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They cost a lot now, but OLED displays are one of the biggest hopes for the TV industry to sell more screens to a saturated market. The organic light-emitting diode displays are thin and vibrant, and by 2019 the market for those screens could reach $44 billion, up from $4 billion in 2011, according to market researcher DisplaySearch.
That’s a significant annual growth rate, based mainly on the growth of mobile devices and TVs. Right now, the market is split into small screens for mobile devices such as photo frames, smartphones, Sony’s PlayStation Vita gaming handheld, and Samsung tablets. In 2011, those small screens of 5-inches or less sold more than 19 million units. In 2012, that number is expected to grow to 150 million units, said Jennifer Colegrove, vice president of display technologies at DisplaySearch, in a talk at the Emerging Display Technologies conference in Santa Clara, Calif.
Large screens are also on the growth path. Sony introduced an 11-inch active-matrix OLED TV in 2007. By 2009, LG introduced a 15-inch model. Sony introduced 17-inch and 25-inch models in 2011. And this year, Samsung and LG showed off 55-inch models at the Consumer Electronics Show. That compares to 100-inch-plus LCD TV screens.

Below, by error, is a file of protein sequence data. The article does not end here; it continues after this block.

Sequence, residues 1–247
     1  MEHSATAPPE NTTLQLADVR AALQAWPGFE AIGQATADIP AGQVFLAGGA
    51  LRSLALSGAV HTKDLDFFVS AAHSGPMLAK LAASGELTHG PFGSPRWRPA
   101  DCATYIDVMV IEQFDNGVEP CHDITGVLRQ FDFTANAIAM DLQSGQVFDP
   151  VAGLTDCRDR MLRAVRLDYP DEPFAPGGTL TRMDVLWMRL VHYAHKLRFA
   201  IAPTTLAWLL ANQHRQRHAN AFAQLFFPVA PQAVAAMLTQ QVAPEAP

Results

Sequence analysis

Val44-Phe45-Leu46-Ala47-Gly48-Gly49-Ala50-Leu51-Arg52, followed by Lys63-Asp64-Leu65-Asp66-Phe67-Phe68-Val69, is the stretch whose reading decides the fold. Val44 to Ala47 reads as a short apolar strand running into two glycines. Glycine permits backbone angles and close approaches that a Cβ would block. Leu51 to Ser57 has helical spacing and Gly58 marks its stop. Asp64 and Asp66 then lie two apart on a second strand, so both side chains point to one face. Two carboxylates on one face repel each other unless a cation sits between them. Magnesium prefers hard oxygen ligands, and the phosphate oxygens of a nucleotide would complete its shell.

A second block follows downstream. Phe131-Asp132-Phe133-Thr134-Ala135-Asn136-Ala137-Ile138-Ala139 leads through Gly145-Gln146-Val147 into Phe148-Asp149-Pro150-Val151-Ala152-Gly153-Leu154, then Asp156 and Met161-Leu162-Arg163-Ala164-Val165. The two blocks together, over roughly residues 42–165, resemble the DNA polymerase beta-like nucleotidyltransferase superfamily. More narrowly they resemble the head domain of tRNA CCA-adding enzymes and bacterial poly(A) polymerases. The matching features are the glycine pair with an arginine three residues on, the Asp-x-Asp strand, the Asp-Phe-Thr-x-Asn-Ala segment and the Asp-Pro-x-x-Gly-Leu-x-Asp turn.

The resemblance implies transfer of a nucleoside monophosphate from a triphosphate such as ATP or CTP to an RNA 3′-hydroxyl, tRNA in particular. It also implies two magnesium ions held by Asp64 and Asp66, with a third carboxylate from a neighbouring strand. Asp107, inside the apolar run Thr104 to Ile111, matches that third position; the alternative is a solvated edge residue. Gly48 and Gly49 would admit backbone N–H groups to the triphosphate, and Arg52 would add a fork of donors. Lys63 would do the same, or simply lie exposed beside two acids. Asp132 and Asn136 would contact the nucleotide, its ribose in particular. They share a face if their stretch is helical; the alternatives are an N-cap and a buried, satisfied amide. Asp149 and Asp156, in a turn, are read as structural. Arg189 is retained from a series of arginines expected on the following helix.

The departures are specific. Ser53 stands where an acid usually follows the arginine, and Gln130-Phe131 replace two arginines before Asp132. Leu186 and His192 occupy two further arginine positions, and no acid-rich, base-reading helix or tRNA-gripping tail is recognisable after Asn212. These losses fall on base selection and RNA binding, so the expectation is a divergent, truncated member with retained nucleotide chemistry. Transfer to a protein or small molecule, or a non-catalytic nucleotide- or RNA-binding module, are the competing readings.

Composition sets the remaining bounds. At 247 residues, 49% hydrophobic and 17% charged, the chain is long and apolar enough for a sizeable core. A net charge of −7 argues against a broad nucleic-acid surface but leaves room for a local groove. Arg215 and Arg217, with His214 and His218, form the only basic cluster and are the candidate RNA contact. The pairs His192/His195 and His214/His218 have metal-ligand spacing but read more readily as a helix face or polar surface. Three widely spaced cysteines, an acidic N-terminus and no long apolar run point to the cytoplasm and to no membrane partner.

When compared to traditional liquid crystal display TVs, OLED TVs have both advantages and disadvantages. Right now, the OLED TVs cost a lot, since manufacturing yields are lower than active-matrix LED TVs. But OLED TVs are much thinner, as thin as 0.05 millimeters, compared to .8-millimeter LCD TVs. OLED TVs have better viewing angles, better color gamuts, but lower screen resolutions. The OLED screens are faster, with nanosecond response times and no motion blur, while LCD TVs have response times in the milliseconds. The contrast ratio is higher for OLED TVs. And OLEDs consume a lot less power. What that means is that OLED TVs will likely take over once the cost issues are neutralized.
The earliest passive-matrix OLED screens started shipping in 1999, but now those screen sales are flattening. The active matrix OLED screens are growing a lot faster. Samsung has a commanding market share lead with 70.7 percent of the OLED display market. Visionox of China is No. 2 with 7.5 percent; WiseChip is No. 3 with 6.2 percent; Pioneer has 4.3 percent; TDK has 4.0 percent; and Sony has just 0.9 percent.
Colegrove said that a lot of new active matrix OLED display factories are in the works. In the next three years, 10 new factories will come online or be upgraded. All of them are in China, Japan, Korea, or Taiwan. As those factories come on line, Colegrove predicts rapid growth of OLED TVs after 2015. OLED technology is also used in small flexible displays as well as OLED lighting. The lighting OLED market is expected to hit $6.3 billion by 2018. The presence of a companion market in lighting will help reduce the overall costs of the technology.
[Photo credit: MaximumPC]